Teaching Hospitals Are Overburdened, Lack Proper Funding – Adewole

Channels Television  
Updated May 21, 2019

The Minister of Health, Professor Isaac Adewole, says the problem with the nation’s tertiary health institutions is overcrowding and lack of proper funding.

The minister said this on Tuesday when he appeared before the Senate explaining the state of healthcare facilities in teaching hospitals.

Professor Adewole said the problem with the nation’s tertiary health institutions is overcrowding, not the poor quality of healthcare.

He also stressed that teaching hospitals are overburdened because of lack of proper funding and attention to primary healthcare.

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According to the Minister, only 10% of Nigerians need to go to teaching hospitals, but that is not the case as Nigerians have no confidence in primary and secondary healthcare systems, thereby opting to go straight to tertiary hospitals which are only supposed to take care of complicated cases.

He also accused the state governments of abandoning healthcare to the Federal government, pointing out that 14 states are yet to show interest in the basic healthcare fund.

“Over the last couple of years, we have had a challenge. We can describe the health care as a pyramid, with Primary Health Care at the base, Secondary at middle and Tertiary at the top.

“Only 10% of Nigerians who require care would need to go to tertiary institutions.

“For them to function effectively, they depend on functional primary and secondary health care centres. If these two levels of care are functional, about 90% of ailments will be taken care of.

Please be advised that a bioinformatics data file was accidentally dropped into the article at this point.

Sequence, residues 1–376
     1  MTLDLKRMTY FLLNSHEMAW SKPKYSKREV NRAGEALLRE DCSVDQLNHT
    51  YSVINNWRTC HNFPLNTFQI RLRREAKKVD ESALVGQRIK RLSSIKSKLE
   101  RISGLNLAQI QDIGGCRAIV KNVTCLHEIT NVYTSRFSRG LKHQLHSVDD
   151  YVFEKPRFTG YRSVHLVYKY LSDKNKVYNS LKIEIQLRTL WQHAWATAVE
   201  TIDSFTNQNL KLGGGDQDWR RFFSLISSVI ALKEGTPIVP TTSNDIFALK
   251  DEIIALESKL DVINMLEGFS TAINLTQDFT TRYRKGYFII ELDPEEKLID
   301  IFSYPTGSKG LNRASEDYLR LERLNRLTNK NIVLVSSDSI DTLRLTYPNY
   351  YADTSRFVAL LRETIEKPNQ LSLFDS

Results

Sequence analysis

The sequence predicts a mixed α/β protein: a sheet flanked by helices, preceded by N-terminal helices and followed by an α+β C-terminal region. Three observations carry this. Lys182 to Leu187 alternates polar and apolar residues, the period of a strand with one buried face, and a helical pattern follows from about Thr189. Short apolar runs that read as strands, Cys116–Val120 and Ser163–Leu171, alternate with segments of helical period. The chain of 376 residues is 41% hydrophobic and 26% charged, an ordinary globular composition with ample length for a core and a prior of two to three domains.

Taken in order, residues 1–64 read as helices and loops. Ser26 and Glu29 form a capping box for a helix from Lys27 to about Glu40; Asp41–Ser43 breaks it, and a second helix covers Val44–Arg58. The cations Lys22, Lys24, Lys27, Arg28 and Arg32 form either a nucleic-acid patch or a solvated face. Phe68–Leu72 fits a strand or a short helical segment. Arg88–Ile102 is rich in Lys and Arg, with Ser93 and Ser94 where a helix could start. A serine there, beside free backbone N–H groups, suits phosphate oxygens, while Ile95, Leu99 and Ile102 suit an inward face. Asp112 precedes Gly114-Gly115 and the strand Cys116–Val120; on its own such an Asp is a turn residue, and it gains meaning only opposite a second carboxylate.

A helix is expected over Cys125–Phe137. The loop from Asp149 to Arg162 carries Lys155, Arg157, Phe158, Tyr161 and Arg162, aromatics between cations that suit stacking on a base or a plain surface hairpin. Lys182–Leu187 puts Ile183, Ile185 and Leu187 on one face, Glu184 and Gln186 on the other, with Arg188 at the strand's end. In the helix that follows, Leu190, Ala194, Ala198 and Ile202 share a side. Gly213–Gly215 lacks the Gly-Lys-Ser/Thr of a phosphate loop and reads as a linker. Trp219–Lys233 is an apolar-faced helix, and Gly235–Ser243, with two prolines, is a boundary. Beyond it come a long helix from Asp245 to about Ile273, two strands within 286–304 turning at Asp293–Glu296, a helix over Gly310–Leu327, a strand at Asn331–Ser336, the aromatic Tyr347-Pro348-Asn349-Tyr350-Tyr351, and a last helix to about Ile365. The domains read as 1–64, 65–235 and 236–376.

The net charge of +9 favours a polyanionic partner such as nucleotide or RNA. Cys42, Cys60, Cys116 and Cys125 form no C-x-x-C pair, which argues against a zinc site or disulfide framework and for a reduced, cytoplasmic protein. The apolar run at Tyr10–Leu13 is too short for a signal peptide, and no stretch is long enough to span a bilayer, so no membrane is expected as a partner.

“For us in Nigeria, they represent the topmost and by design are expected to manage complex and complicated cases.

“We have 22 teaching hospitals in the country and 17 specialist hospitals under the direct body of the Federal Government. The teaching hospitals constitute the apex of health care in any country.

“We can compare it to a building — primary health as the foundation, the secondary as the wall and the tertiary as the roof.

“The problem we have is that the foundation is bad and the wall is weak and we are only concerned about the roof. If we invest in the Primary Health Care, a lot of people would not have a cause to go to the Tertiary,” he explained.

The Senate had earlier summoned Adewole to appear before it on Tuesday over what the Senate President Bukola Saraki described as the deteriorating conditions of facilities at teaching hospitals across the nation.

The Senators took turns to quiz the Minister on the state of healthcare infrastructure all over the country.

Below are some senators that quizzed the Health Minister and the questions asked:

“The area that worries me is that of the medical students who graduate from medical schools and have nowhere to do their houseman-ship. How do we make sure our medical students always get where to practice?” — Senator Sam Egwu.

“Do we still have sanitary inspectors, if so are they allowed to carry out their duties and are the CMD’s allowed to act independently?” — Senator Francis Alimikhena.

“What can be done about ‘brain drain’ amongst doctors and nurses which is affecting the efficiency of primary, secondary and tertiary hospital?” — Senator Gbenga Ashafa.

“Is there a way to exclude teaching hospitals, Secondary hospitals and primary hospitals from paying electricity bills? Would it improve the services of the hospitals?” — Senator Shehu Sani.

“UCH used to be one of the best hospitals but now it’s a caricature of what it used to be. Is there a programme where we bring our teaching hospitals to the standard it used to be so they stand out?” –Senator Olusola Adeyeye.

“How can we equip our hospitals to the standard that makes Nigerians travel out for treatment?” — Senator Victor Umeh.

“Since assumption of offfice, what have you done on the matter i met you on personality (N300m paid to the Federal Ministry of Health) during the Jonathan regime.”– Senator Kabir Marafa.

“Can you explain to Nigerians on how Lagos Teaching hospital independently had power without the interference of public power and how other states can tap into it.”– Senator Kabir Marafa